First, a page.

Archive

March 17, 2021
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De-globalisation’s macro impacts

  • Globalisation in recent decades both lowered and flattened the Phillips Curve, making domestic inflation more dependent on the global rather than the domestic output gap.
  • We believe that the drive for supply chain security is pushing this process into reverse and that the post-pandemic world will have a higher and steeper Phillips Curve.
  • Inflation will be higher for a given set of unemployment data, especially if there’s a global schism. Policymakers will respond more to output and risk overstimulating.

March 11, 2021
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ECB: insignificant prevention

  • The ECB announced no policy changes while indicating purchases at a “significantly higher pace than during the first months of this year”. A low pace in January and excess within the existing envelope means the difference may not impact markets.
  • Rather than attempt to reverse recent moves, we see the ECB trying to discourage an extension, thereby preventing a tightening inconsistent with the outlook. It is such a weak form of guidance, though, markets may test its limits if the US move extends.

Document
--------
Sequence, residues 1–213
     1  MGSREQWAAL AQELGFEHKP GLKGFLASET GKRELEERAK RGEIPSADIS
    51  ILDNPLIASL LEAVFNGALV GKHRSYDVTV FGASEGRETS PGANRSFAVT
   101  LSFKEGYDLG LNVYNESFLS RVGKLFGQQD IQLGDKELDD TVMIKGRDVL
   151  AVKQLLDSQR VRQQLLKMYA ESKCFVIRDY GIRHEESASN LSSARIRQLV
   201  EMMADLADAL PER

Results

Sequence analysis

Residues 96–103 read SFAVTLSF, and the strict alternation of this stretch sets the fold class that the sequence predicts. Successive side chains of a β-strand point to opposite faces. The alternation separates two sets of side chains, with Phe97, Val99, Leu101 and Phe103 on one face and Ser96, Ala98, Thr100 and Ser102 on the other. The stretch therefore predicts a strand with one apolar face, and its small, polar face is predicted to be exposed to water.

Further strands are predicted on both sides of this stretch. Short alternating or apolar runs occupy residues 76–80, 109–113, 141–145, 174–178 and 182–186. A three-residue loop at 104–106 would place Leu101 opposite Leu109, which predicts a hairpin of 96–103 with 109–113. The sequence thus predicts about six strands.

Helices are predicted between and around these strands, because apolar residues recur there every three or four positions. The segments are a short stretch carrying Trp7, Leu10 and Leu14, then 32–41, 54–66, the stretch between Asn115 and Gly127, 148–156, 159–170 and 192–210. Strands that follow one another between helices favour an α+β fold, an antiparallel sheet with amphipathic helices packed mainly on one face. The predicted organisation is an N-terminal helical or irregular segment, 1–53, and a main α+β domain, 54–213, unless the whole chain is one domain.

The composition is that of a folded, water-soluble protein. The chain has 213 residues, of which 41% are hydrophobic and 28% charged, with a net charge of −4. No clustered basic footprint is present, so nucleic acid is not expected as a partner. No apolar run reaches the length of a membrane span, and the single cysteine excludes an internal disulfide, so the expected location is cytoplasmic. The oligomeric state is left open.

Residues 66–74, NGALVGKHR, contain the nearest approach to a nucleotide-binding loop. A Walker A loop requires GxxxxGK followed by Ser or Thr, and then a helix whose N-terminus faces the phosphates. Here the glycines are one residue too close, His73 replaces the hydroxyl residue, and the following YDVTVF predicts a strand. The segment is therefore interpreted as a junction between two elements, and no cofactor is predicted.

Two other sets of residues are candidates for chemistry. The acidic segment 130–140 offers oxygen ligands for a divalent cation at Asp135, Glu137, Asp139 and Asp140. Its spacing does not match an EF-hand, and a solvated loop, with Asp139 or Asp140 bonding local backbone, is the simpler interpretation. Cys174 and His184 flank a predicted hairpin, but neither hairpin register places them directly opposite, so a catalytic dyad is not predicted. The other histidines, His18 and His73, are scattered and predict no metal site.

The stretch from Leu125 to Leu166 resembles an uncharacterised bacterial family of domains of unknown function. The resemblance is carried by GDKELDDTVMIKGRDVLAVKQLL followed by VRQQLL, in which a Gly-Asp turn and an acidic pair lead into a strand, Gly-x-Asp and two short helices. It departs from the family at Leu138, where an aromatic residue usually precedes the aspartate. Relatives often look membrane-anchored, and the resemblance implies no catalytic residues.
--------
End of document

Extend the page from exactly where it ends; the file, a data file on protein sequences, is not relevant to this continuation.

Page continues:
March 05, 2021
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Fiscal conquering monetary hegemony

  • The close relationship between national debt and wars is well-established. Although the current Covid crisis is not a war in the conventional sense, the government has extended its authority in a manner seldom seen outside a conflict situation.
  • War and similar crises shift the dial on economic policy towards a greater role for fiscal over monetary policy in demand management. In short, they push the envelope on what is thought possible and desirable vis-à-vis the role of the state.
  • Monetary policy’s space to stimulate is increasingly defensive as it accommodates fiscal stimulus up until the point it becomes inconsistent with the target. The fiscal hegemony is now de facto and de jure and this will determine relative economic performance.